A second video clip is here on YouTube (including whistles galore, no bells but many birds).
The line climbs up the hillside.
Line fades away behind
Video clip is here on YouTube (including no bells, whistles or birds but the gentle purring of the fast revving steam engine).
Onwards and Upwards
To gain height in a short distance, the Cass railroad has a zig-zag. I've tried to capture the gradients encountered.
Video clip on YouTube of the train arriving at the zig (including no special sounds).
Line climbing to meet the zig-zag middle section
Video clip of Shay setting off hauling the train up the middle section of the zig-zag (sounds different hauling in reverse).

The train approaches the down-coming train waiting on the top section of the zig-zag.
Down train ahead on left
Video clip on YouTube of the train meeting the down train.
The up train goes into a long spur and waits while the down train follows into the spur. The down train then reverses out and down the zig; the up train then reverses out and up the zag.

The line climbs onwards to the summit at Bald Knob (4842 feet) through some amazing countryside.
Almost at the summit
Shay No. 2 at the Bald Knob summit
View backwards from whence we came
Finally, Shay No. 2 descends somewhat more quietly than when climbing (including not much noise at all!).

A fantastic 5 hour journey, one of the best there is.

Tuesday, 18 July 2017

Operating Experience (2)

Joyce has taught me (and continues to teach me) a thing or two about operating a heavy piece of steam machinery, particularly the bits I didn't address during restoration.

This innocent looking axle box oil filler cap is one example (right front).
Filler cap with original fitting (1)
The lid can be swung out of the way for filling. The cap bracket is peened on both sides to a pin which passes through the oil filling pot.
Filler cap with original fitting (2)
The problem is that the pin has become loose in its 'pot holes' over the years and leaks out any oil which is above the lowest level of the horizontal pin. This is not only a waste of oil but not nice environmentally.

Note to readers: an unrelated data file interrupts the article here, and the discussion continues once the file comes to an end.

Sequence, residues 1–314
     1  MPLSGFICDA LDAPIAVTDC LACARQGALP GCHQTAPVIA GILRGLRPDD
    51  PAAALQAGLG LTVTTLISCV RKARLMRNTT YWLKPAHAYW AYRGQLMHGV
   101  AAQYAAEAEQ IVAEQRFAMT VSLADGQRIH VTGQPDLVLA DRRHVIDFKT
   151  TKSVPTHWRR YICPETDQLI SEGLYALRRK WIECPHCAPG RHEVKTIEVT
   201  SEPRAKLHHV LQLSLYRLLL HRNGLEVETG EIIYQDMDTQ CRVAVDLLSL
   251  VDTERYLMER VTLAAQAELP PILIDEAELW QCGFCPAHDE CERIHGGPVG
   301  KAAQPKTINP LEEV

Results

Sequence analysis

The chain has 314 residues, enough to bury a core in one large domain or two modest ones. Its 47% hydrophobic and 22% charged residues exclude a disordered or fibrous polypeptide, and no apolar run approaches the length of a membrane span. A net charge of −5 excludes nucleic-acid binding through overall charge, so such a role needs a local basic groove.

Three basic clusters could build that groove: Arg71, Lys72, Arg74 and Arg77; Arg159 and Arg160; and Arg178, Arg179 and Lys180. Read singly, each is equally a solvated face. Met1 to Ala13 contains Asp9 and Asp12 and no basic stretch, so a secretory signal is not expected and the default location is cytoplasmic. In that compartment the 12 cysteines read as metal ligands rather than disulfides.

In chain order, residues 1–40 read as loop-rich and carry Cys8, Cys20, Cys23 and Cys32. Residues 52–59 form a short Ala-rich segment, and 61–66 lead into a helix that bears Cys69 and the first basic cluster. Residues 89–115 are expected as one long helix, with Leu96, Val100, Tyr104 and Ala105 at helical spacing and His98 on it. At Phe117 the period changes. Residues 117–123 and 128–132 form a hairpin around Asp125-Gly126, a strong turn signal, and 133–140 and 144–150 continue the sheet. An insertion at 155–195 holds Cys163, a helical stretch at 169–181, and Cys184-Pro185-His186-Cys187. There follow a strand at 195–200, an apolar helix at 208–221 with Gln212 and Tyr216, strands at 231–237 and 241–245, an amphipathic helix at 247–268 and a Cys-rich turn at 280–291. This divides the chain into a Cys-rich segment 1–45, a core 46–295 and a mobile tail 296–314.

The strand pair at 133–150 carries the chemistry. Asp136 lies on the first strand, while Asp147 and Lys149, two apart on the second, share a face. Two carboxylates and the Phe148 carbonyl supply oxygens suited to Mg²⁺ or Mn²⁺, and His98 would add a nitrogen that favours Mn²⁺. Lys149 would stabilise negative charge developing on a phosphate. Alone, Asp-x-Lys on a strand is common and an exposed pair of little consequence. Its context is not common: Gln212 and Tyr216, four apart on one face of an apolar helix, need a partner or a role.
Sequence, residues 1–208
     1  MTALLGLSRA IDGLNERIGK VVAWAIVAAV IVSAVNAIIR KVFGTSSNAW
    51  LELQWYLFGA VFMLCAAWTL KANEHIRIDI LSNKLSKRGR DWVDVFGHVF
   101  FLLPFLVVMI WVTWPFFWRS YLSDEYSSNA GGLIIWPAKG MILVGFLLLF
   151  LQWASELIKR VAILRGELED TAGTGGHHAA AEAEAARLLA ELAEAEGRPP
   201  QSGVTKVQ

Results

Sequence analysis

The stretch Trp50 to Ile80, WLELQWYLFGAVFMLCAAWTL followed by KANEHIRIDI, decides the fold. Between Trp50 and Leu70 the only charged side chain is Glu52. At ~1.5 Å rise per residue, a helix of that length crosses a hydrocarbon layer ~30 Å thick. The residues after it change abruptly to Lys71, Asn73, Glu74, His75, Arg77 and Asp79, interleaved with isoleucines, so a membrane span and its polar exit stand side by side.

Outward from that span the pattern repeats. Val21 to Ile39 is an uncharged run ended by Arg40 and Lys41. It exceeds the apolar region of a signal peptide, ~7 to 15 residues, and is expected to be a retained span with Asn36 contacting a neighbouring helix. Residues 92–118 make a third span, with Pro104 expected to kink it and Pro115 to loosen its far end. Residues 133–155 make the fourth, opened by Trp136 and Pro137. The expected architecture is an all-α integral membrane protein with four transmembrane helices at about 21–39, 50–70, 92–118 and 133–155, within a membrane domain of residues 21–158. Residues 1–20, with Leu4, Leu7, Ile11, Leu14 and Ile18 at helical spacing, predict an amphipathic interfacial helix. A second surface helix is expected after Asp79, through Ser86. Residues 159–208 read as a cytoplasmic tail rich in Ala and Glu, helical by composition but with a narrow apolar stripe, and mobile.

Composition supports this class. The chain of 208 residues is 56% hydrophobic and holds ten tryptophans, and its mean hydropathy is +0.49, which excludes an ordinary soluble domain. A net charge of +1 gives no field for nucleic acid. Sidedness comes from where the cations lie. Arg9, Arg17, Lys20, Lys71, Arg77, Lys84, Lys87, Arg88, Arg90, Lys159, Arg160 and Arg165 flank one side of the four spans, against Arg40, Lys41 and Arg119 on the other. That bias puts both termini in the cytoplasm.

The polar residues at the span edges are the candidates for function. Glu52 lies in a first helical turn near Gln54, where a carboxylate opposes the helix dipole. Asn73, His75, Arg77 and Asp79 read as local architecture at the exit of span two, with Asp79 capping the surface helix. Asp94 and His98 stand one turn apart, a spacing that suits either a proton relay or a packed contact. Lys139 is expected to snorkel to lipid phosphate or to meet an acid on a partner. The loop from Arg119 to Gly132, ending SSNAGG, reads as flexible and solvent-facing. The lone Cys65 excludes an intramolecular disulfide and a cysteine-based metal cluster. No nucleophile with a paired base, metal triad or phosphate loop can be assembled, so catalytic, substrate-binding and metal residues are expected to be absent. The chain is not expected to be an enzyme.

Three of the axle box pots are like this and leak whereas a fourth one (right rear) which doesn't leak has the bracket rotating around its pin firmly fitted in its 'pot holes'.

I decided it would be prudent to convert the pins to threaded short pins which should prevent further leakage.

In advance, I made these short pins about 18mm long, 8mm in diameter with an M8 thread. The original pin diameter was about 1/4" so M8 was an ideal size.
M8 Short pins
I removed the original pin and threaded the holes for the M8 short pins. This photo shows them in place with the bracket suitably adapted to rotate around the pins.
Short pins with adapted lid bracket
So how did I prevent the metal filings from the tapping tool from getting into the bearing, I hear you ask? I blocked the hole to the bearing with a cloth and used a magnet on a stick to fish out the filings produced.

I've topped up the oil level to where it would have leaked previously. Fingers crossed it will be successful.
Level topped up above the new pins.
Here's the finished job (one of four). The bracket is a bit tight and the cap has to be rotated to the correct position to make it seal properly. I also had to reshape the bracket to enable the (90 year old) spring to push the cap home.
Finished job
Three to go. (Technically the non-leaking original one can be left but I would prefer them to all be the same).

One small point that I'd been mystified by for some time is whether the axle boxes use a pad to 'wick' the oil to the bearing surface or the bearing simply dips into the oil bath. I found an old photo from when I was making a new axle box cover gasket. It clearly shows a pad beneath the bearing.
Axle bearing showing oil pad

Operating Experience (1)

It's been five months since I last wrote any blog articles on Sentinel 7109. Joyce has been performing better than I'd expected. I'd previously formed the idea that Sentinel locos chuffed about quietly doing their thing but Joyce has a passenger role and a steep gradient to climb every journey.